As a child, I used to pass a mural in Oakman Street, bearing the image of a woman and a jester mask above an opened Irish history book. The mask bore the word "revisionism", and the woman "truth". The slogan on the wall in huge white letters above the image said, "History is written by the winner".
Sometimes, you'd find a British soldier hunkered at its side peering through his scope surrounded by a gaggle of curious kids, other times in the evening you'd find the local IRA men on patrol looking for teenagers who had fallen foul of them, to threaten, beat or shoot.
Keeping the community safe, they called it.
I doubt that this mural ever came under Mary Lou McDonald's notice, though it's a slogan Sinn Fein could have invented when it comes to their justification, and some would say, rewritten narrative, of the IRA.
Before the charge of bias comes swinging at me, let me state this clearly. I have seen devastation as friends' parents were killed by loyalist groups. I have also witnessed state violence. I have had extended family members who were in senior positions in the IRA, and family members who wanted nothing to do with them. Life in Northern Ireland is complex.
I grew up in an area where masters of manipulation spun lines from their living rooms to rival government spin-doctors regarding what was happening on the street outside. It's easy to get sucked into a narrative. Death and destruction happened across the board - yet there has traditionally been additional probing of Sinn Fein, given their defence of the Provisional IRA campaign, and this newspaper has taken a harder stance than most.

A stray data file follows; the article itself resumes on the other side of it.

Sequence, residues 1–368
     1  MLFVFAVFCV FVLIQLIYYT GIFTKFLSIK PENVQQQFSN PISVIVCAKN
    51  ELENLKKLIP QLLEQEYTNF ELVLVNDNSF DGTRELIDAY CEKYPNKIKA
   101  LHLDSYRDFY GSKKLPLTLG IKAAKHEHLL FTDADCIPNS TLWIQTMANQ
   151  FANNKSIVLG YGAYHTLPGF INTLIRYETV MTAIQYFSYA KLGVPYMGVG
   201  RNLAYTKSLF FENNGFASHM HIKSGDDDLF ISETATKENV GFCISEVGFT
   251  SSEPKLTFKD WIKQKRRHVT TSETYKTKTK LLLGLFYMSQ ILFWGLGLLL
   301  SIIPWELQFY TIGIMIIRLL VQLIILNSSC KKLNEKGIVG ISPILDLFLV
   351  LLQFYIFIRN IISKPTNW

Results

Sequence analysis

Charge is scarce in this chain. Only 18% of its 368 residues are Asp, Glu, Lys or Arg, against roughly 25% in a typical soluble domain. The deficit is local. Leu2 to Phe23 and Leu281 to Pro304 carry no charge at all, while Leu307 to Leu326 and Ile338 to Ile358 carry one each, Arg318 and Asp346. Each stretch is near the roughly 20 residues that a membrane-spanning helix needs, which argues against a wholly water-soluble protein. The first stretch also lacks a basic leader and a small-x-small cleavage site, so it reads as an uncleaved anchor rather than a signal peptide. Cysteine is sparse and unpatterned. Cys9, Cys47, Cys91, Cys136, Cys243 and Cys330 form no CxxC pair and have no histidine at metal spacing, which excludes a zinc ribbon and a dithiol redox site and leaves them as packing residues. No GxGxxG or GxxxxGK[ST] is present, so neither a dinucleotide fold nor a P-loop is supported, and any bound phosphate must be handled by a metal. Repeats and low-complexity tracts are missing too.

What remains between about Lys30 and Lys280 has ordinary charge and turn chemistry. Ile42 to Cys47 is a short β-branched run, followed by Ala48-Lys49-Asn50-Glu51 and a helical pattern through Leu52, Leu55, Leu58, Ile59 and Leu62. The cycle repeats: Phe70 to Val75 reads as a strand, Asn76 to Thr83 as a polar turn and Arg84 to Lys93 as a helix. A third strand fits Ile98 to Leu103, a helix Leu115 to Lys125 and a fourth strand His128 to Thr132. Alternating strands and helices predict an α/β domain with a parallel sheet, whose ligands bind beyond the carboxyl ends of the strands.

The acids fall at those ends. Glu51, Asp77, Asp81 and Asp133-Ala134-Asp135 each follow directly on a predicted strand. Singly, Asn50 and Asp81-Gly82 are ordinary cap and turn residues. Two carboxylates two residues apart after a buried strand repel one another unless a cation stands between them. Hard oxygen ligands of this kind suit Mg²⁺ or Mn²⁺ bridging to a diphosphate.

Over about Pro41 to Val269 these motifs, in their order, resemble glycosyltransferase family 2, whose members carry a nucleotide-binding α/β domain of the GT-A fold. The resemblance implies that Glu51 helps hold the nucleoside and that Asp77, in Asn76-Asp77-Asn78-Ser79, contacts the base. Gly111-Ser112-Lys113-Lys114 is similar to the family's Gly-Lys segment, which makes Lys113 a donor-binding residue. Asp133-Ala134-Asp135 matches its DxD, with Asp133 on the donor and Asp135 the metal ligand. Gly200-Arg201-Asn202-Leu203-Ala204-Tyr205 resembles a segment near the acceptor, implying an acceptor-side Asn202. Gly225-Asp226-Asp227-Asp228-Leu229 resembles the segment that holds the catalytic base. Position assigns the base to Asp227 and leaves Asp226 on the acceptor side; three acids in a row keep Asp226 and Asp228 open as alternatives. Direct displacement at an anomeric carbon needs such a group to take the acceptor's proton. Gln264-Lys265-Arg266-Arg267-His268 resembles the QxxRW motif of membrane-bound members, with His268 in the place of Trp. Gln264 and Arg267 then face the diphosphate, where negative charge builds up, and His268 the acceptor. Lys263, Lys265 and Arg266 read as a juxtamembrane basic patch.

Last weekend, McDonald took part in her first major interview in these pages. It is right that she was afforded the opportunity to do so. Media should engage, as well as scrutinise, and one does not have to be sacrificed for the other.
McDonald tweeted after the interview printed: "For decades they have attacked us, talked at us, and about us. Now they are talking to us. That's good…"
I admit to being frustrated with this framing. Journalists from INM have been threatened in the past by republicans - both online and in person. Some moved home because it wasn't judged safe to write critiques of the IRA. And yet, they continued to do so. A free press is the cornerstone of democracy, as the saying goes.
In 2014, after I waived anonymity, this paper contacted every female TD in Leinster House, including McDonald, to ask them whether they believed my account. Sinn Fein TDs, unlike the majority of others, did not respond.
INM journalists who covered the case were deluged with abuse on social media and in some speeches to party activists, as I was, by members of Sinn Fein. The atmosphere was appalling, so much so, that I was fearful of returning to Belfast in case my then three-year-old daughter was put at risk.
Graffiti was daubed in big letters on a wall in the area where I was raped. As the victim of the abuse, I was accused by Sinn Fein of slurring them. Four years later they issued a half-apology to me and expected everyone to move on.
McDonald has conceded in her recent interview that my case was "badly handled". She states I am "brave" and "courageous". She hopes that they handled it right in the end, referring to her meeting with me in 2018.
I beg to differ. At that meeting, I outlined to her that Sinn Fein never admitted that I was made to face my abuser in an IRA "investigation", much less the use of Sinn Fein offices for other parts of that "investigation".